Foodborne diseases, emerging Media centre



Foodborne diseases, emerging Media centre
WHO | Foodborne diseases, emerging
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Media centre
Foodborne diseases, emerging
Fact sheet N°124
Revised January 2002
For more information contact:
Some foodborne diseases are well recognized, but are considered
emerging because they have recently become more common. For
example, outbreaks of salmonellosis have been reported for decades, but
within the past 25 years the disease has increased in incidence on many
continents. In the Western hemisphere and in Europe, Salmonella serotype
Enteritidis (SE) has become the predominant strain. Investigations of SE
outbreaks indicate that its emergence is largely related to consumption of
poultry or eggs.
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While cholera has devastated much of Asia and Africa for years, its
introduction for the first time in almost a century on the South American
continent in 1991 makes it another example of an infectious disease that is
both well-recognized and emerging. While cholera is often waterborne,
many foods also transmit infection. In Latin America, ice and raw or
underprocessed seafood are important epidemiological pathways for
cholera transmission.
Other foodborne pathogens are considered emerging because they are
new microorganisms or because the role of food in their transmission has
been recognized only recently. Infection with Escherichia coli serotype
O157:H7 (E. coli) was first described in 1982. Subsequently, it has
emerged rapidly as a major cause of bloody diarrhoea and acute renal
failure. The infection is sometimes fatal, particularly in children. Outbreaks
of infection, generally associated with beef, have been reported in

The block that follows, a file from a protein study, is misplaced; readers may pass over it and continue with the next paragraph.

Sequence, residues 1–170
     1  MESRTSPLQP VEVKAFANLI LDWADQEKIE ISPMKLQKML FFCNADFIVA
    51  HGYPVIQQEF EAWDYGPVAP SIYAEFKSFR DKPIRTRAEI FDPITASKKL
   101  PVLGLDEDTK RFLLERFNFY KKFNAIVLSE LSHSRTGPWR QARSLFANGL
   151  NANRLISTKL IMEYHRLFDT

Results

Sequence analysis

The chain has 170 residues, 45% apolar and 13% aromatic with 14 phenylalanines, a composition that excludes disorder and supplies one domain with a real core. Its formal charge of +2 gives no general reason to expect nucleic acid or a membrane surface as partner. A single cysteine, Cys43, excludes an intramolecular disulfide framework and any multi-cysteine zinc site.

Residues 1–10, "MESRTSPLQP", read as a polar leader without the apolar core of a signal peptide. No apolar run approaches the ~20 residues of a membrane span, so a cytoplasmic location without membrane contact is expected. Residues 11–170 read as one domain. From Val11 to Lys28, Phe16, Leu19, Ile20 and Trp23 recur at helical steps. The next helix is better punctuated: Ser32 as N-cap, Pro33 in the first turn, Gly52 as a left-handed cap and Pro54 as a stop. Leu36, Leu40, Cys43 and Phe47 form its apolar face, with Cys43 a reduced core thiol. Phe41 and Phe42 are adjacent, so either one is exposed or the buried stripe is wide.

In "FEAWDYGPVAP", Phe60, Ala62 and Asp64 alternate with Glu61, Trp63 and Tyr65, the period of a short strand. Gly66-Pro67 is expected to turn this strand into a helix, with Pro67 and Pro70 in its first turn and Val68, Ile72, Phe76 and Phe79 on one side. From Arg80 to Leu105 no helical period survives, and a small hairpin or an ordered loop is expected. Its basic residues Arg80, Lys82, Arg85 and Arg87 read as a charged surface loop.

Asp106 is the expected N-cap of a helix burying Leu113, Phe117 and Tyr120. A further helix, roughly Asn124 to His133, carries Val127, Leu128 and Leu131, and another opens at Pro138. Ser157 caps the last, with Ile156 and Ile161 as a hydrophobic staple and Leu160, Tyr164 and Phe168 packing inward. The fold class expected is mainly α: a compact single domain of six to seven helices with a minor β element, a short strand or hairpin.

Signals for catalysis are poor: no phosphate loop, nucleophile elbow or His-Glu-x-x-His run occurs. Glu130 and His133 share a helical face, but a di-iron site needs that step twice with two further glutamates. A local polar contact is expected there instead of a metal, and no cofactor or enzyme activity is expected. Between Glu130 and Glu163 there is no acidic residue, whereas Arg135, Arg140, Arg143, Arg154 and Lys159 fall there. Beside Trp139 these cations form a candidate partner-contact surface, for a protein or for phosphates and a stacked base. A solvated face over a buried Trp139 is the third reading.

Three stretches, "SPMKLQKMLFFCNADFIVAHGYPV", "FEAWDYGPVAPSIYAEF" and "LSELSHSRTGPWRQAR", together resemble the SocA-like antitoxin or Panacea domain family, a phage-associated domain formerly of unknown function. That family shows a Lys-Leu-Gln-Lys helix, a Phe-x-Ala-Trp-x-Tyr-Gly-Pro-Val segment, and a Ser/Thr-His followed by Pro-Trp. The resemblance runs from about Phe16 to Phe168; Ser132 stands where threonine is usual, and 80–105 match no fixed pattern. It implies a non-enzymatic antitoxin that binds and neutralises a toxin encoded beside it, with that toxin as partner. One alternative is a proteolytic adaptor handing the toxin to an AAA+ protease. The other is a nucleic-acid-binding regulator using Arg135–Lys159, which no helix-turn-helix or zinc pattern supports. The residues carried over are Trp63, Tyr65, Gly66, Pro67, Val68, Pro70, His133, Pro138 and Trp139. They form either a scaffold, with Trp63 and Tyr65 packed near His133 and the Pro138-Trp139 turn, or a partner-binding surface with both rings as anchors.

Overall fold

Australia, Canada, Japan, United States, in various European countries,
and in southern Africa. Outbreaks have also implicated alfalfa sprouts,
unpasteurized fruit juice, lettuce, game meat and cheese curd.
In 1996, an outbreak of Escherichia coli O157:H7 in Japan affected over
6,300 school children and resulted in 2 deaths. This is the largest outbreak
ever recorded for this pathogen.
Listeria monocytogenes (Lm) is considered emerging because the role of
food in its transmission has only recently been recognized. In pregnant
women, infections with Lm can cause abortion and stillbirth, and in infants
and persons with a weakened immune system it may lead to septicemia
(blood poisoning) and meningitis. The disease is most often associated
WHO | Foodborne diseases, emerging
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with consumption of foods such as soft cheese and processed meat
products that are kept refrigerated for a long time because Lm can grow at
low temperatures. Outbreaks of listeriosis have been reported from many
countries, including Australia, Switzerland, France and the United States.
Two recent outbreaks of Listeria monocytogenes in France in 2000 and in
the USA in 1999 were caused by contaminated pork tongue and hot dogs
Foodborne trematodes are also emerging as a serious public health
problem, especially in south-east Asia but also in Latin America, in part due
to a combination of increased aquaculture production, often under
unsanitary conditions, and of consumption of raw and lightly processed
fresh water fish and fishery products. Foodborne trematodes can cause
acute liver disease, and may lead to liver cancer. An estimated 40 million
people world wide are affected.
Bovine Spongiform Encephalopathy (BSE), a fatal, transmissible,
neurodegenerative disease of cattle, was first discovered in the United
Kingdom in 1985. The cause of the disease was traced to an agent related
to scrapie in sheep, which contaminated recycled bovine carcasses used to
make meat and bone meal additives for cattle feed. Recycling of the BSE
agent led to a distributed common source epidemic of more than 180,000
diseased animals in the UK alone. The agent affects the brain and spinal